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CASE STUDY – Marathon Runner Overcomes Shin Splints with Comprehensive Treatment Plan

Patient Background:

Sarah, a 28-year-old runner training for a marathon, came to our clinic with persistent shin pain. She had been training intensely for an upcoming race and began experiencing severe pain in her shins, particularly after long runs. Her symptoms included tenderness along the inner part of the lower leg, mild swelling, and discomfort that worsens with physical activity.

Diagnosis:

After a thorough examination and discussion of her training program, we diagnosed Sarah with medial tibial stress syndrome (MTSS), commonly known as shin splints. This condition was exacerbated by repetitive stress from her running.

Treatment Plan:

Shockwave Therapy.

We incorporated extracorporeal shockwave therapy (ESWT) into Sarah’s treatment. Shockwave therapy uses sound waves to stimulate healing in damaged tissues. Sarah underwent weekly sessions for six weeks. This therapy helped reduce inflammation, promote blood flow, and accelerate tissue repair.

Customised Exercise Program:

We designed a specific exercise regimen focusing on strengthening and stretching the muscles around the shin. Key exercises included:

Calf Raises: To strengthen the calf muscles.

Toe Taps: To engage the anterior tibialis muscle.

Foam Rolling: To relieve tension in the calf and shin muscles.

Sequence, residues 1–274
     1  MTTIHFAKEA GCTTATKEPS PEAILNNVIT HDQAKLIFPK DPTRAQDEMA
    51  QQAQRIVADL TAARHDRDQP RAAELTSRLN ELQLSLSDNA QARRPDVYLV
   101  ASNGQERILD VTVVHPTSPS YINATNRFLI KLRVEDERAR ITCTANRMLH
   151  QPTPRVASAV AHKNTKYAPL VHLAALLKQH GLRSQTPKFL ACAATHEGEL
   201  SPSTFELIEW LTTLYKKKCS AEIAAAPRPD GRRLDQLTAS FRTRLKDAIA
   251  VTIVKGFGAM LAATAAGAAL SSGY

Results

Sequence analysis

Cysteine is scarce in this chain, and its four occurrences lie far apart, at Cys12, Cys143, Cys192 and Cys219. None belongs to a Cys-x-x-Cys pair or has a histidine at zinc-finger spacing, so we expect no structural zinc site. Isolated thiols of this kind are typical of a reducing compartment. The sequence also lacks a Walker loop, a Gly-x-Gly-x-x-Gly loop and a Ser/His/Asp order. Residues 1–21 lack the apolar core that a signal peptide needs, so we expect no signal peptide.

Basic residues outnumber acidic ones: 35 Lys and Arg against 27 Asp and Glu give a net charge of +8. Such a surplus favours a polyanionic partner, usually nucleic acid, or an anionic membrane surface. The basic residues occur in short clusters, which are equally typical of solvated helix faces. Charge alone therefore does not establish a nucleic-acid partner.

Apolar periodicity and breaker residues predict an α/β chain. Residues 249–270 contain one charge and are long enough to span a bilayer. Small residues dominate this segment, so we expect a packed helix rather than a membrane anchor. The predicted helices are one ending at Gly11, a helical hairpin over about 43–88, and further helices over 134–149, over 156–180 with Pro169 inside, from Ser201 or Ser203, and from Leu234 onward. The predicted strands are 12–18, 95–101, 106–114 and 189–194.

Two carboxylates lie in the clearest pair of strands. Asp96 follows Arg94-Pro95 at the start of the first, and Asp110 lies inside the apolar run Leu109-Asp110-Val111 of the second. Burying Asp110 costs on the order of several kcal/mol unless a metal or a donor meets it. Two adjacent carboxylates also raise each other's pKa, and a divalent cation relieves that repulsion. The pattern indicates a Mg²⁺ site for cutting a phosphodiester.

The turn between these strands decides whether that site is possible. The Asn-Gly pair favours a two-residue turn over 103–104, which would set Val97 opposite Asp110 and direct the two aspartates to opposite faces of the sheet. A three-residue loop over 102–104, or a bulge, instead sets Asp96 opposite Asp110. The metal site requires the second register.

Eccentric Heel Drops: To improve tendon strength and flexibility.

Additionally, we advised Sarah to incorporate cross-training activities such as swimming and cycling to reduce impact stress on her shins.

Footwear Adjustment:

Upon evaluating Sarah’s running shoes, we found they were worn out and lacked proper support. We recommended she switch to a new pair of running shoes with adequate arch support and cushioning. We also suggested custom orthotics to provide additional support and reduce strain on her shins.

Outcome:

After six weeks of combined treatment, Sarah reported significant improvement. Her pain levels had decreased, and she was able to gradually resume her training with modified intensity. By the end of three months, Sarah was back to her full training schedule, pain-free and well-prepared for her marathon.

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